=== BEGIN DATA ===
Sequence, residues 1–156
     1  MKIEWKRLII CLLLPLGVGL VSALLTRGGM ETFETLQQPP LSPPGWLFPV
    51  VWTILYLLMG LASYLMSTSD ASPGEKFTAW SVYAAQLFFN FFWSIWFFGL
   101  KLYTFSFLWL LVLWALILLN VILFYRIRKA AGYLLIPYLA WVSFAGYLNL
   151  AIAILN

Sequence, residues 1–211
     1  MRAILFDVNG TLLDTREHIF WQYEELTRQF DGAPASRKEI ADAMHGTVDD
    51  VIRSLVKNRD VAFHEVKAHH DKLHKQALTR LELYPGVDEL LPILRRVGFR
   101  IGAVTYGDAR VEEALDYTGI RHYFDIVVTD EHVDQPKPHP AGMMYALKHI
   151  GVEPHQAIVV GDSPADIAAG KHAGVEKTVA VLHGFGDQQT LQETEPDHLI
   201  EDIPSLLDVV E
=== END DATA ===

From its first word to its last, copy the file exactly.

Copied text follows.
Sequence, residues 1–156
     1  MKIEWKRLII CLLLPLGVGL VSALLTRGGM ETFETLQQPP LSPPGWLFPV
    51  VWTILYLLMG LASYLMSTSD ASPGEKFTAW SVYAAQLFFN FFWSIWFFGL
   101  KLYTFSFLWL LVLWALILLN VILFYRIRKA AGYLLIPYLA WVSFAGYLNL
   151  AIAILN

Sequence, residues 1–211
     1  MRAILFDVNG TLLDTREHIF WQYEELTRQF DGAPASRKEI ADAMHGTVDD
    51  VIRSLVKNRD VAFHEVKAHH DKLHKQALTR LELYPGVDEL LPILRRVGFR
   101  IGAVTYGDAR VEEALDYTGI RHYFDIVVTD EHVDQPKPHP AGMMYALKHI
   151  GVEPHQAIVV GDSPADIAAG KHAGVEKTVA VLHGFGDQQT LQETEPDHLI
   201  EDIPSLLDVV E